By Philip Mattera
Over the past decade, Brazil-based Vale (previously known as CVRD) has evolved from a large but little known producer of iron ore to one of the world’s mining leviathans—the only one based in the global south. The major factor in its growth was the US$19 billion acquisition of Canada’s big nickel producer Inco in 2006. Originally a government-owned firm called Companhia Vale do Rio Doce (literally, “sweet river valley company"), Vale was privatized in 1997. Since then it has been more aggressive in its exploration and its labor policies, coming into conflict with indigenous groups, environmentalists and trade unions both in Brazil and abroad.
While it was government-owned, Vale tended to follow paternalistic policies towards its workers and the communities in which it operated. Those policies, some of which were mandated by Brazilian law, tended to disintegrate after the company was privatized. Vale also inherited a new set of labor and environmental controversies after it took over Canada’s Inco. In January 2012 Vale was one of the companies singled out by Greenpeace Switzerland and the Berne Declaration for environmental and human rights abuses.
Environment and Product Safety
In 2003 Brazilian authorities fined Vale the equivalent of US$3.5 million after one of the company’s trains derailed and spilled more than 185,000 gallons of various toxic chemicals into the Congohas River in Minas Gerais. The spill also caused an explosion and a fire.
In July 2008 officials in Brazil fined Vale the equivalent of about US$3 million for the illegal sale of timber felled in the course of clearing land for a bauxite mine. The company denied the allegation.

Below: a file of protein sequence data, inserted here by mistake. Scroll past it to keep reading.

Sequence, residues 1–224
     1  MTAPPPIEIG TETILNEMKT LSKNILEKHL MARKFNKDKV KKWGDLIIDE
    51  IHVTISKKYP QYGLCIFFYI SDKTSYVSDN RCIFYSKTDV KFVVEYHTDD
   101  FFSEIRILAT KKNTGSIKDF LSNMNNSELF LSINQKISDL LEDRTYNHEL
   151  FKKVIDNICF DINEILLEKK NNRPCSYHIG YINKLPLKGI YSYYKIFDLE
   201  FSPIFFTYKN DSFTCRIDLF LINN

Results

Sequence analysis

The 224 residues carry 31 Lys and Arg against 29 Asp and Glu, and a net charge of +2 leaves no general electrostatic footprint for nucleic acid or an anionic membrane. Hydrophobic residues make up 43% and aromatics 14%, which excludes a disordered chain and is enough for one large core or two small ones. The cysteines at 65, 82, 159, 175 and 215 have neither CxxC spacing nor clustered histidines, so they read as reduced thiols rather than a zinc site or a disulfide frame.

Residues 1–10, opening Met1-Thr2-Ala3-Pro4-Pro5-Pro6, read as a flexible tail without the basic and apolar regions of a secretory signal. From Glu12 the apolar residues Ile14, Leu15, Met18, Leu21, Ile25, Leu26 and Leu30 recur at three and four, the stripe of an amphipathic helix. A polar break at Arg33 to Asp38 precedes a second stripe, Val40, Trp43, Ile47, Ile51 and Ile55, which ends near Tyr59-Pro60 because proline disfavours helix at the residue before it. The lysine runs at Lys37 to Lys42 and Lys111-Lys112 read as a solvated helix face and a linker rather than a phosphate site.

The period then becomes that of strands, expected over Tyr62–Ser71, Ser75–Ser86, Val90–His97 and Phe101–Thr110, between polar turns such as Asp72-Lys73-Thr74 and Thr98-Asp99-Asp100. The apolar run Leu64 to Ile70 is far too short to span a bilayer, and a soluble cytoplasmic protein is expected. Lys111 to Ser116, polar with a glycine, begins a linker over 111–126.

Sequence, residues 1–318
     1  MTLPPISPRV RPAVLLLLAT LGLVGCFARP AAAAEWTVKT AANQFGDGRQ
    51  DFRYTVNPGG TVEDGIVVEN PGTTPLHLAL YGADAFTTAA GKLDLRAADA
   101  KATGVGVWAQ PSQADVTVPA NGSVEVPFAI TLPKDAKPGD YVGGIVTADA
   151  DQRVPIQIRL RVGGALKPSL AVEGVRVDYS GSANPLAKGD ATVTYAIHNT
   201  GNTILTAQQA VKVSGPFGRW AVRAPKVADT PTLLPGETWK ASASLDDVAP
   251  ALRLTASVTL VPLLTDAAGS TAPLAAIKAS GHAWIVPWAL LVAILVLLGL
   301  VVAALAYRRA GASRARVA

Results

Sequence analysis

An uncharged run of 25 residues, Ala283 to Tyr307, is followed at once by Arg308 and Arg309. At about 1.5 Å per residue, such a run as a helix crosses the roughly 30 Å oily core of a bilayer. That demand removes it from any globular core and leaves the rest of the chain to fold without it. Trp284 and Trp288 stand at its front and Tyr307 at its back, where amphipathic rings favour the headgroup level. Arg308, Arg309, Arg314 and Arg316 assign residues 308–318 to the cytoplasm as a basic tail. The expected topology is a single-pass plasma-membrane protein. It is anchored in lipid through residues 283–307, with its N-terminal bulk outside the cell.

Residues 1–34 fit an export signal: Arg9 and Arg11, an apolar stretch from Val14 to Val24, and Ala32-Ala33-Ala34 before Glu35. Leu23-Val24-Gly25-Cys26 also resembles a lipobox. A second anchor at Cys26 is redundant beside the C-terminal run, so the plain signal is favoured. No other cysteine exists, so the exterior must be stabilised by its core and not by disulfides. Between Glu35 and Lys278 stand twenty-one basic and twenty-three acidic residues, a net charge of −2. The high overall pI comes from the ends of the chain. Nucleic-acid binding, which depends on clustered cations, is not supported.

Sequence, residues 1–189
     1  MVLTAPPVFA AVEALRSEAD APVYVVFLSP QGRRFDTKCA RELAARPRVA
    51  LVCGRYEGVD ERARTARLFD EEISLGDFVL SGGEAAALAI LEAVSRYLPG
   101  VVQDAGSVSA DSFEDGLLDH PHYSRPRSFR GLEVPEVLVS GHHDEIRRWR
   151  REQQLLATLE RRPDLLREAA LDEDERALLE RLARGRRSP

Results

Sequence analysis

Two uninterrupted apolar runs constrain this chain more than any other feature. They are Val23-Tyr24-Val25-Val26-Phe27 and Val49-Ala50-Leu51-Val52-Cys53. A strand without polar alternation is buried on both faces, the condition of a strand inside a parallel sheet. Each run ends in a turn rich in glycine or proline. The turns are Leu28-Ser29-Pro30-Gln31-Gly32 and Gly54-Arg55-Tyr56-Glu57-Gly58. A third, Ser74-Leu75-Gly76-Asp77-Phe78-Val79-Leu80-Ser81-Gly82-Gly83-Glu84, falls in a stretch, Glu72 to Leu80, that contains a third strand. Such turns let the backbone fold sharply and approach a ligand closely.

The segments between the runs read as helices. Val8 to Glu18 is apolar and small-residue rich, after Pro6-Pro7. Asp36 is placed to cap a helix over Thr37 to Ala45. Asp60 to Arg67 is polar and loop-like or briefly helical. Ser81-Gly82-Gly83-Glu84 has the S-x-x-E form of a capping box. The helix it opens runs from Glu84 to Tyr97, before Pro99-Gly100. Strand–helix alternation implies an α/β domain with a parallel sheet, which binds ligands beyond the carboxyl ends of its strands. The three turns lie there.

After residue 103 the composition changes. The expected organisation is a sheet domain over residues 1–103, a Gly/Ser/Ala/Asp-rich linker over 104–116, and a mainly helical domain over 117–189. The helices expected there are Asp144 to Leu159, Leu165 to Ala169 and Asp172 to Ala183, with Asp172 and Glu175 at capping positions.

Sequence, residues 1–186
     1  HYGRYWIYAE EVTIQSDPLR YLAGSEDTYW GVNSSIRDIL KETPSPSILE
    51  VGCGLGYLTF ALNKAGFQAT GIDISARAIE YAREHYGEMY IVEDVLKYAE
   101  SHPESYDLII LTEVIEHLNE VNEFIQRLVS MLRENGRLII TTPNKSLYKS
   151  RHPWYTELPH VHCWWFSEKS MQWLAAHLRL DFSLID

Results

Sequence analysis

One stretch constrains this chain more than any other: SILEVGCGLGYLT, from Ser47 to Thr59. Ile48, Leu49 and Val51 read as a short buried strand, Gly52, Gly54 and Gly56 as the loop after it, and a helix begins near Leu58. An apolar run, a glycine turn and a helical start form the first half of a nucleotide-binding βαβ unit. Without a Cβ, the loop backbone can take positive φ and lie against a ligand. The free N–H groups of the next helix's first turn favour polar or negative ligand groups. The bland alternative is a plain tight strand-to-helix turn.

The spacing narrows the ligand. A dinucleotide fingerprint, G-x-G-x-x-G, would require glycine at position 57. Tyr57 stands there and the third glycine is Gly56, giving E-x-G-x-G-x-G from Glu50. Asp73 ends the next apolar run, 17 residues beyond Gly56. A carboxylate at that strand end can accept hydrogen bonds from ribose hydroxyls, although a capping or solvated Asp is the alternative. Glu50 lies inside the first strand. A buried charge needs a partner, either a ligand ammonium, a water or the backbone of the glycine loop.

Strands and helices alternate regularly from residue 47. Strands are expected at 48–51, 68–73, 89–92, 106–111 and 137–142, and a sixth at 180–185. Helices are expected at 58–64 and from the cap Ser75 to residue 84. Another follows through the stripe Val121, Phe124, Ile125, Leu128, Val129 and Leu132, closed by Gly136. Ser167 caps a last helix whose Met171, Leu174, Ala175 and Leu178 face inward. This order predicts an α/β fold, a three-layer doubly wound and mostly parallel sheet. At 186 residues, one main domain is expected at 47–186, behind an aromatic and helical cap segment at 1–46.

Vale has been widely criticized by groups such as International Rivers, Amazon Watch and the Xingu Alive Movement for its involvement in Brazil's controversial Belo Monte Dam.
In November 2015 a containment dam in Brazil operated by Samarco, a joint venture of Vale and BHP Billiton, burst, releasing a torrent of mining waste that killed a dozen people and contaminated the Doce River and the water supply of more than 200 towns. It was called the worst environmental disaster in Brazil's history.
Labor relations at Vale’s Brazilian operations became more strained after the government sold off its share of the company. Management “has to treat its workers better,” said a union official quoted in a July 7, 2003 article in the newsletter Business News Americas. The article noted that workers were pressing for bigger wage increases both by carrying out brief work stoppages and by staging a protest in which they waved bananas to symbolize the meager nature of management’s contract offer.
When Vale took over Inco in 2006, it inherited a company with tumultuous labor relations at its Canadian operations. After Inco’s competitive position began to erode in the 1960s and management responded by resisting wage increases, strikes became more common. When the company implemented drastic job cuts in 1978, Inco’s unions staged a walkout that lasted for eight months.
After Vale clinched the deal for Inco, the Canadian Steelworkers union sent a delegation to Brazil to learn about the labor practices of the new parent company. The group found that Vale had been “outsourcing union jobs and restraining wage increases.”
The Brazilian and Canadian unions began ongoing consultations about conditions at Vale. In March 2007, the Canadian Steelworkers hosted a meeting with other trade unions representing Vale workers not only in Brazil but also in Mozambique and New Caledonia. The unions approved a Unity Accord.
In August 2008 the Canadian unions met in Manitoba with their Brazilian counterparts to discuss solidarity measures during contract negotiations. Two months later, Vale Inco workers in northern Manitoba reached agreement with the company on the first new labor contract since Vale took over Inco. The pact provided workers with pay increases of about 14 percent over three years.